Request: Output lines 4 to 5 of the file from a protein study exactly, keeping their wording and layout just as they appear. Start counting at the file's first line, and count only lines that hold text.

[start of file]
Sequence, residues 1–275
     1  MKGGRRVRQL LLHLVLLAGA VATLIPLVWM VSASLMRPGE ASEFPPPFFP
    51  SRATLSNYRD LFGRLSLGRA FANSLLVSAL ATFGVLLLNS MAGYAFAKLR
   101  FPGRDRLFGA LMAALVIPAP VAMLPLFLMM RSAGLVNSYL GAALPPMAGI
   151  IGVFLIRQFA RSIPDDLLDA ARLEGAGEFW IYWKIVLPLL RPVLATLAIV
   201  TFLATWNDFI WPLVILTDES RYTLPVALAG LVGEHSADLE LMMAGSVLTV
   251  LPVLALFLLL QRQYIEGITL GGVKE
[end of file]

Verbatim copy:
   101  FPGRDRLFGA LMAALVIPAP VAMLPLFLMM RSAGLVNSYL GAALPPMAGI
   151  IGVFLIRQFA RSIPDDLLDA ARLEGAGEFW IYWKIVLPLL RPVLATLAIV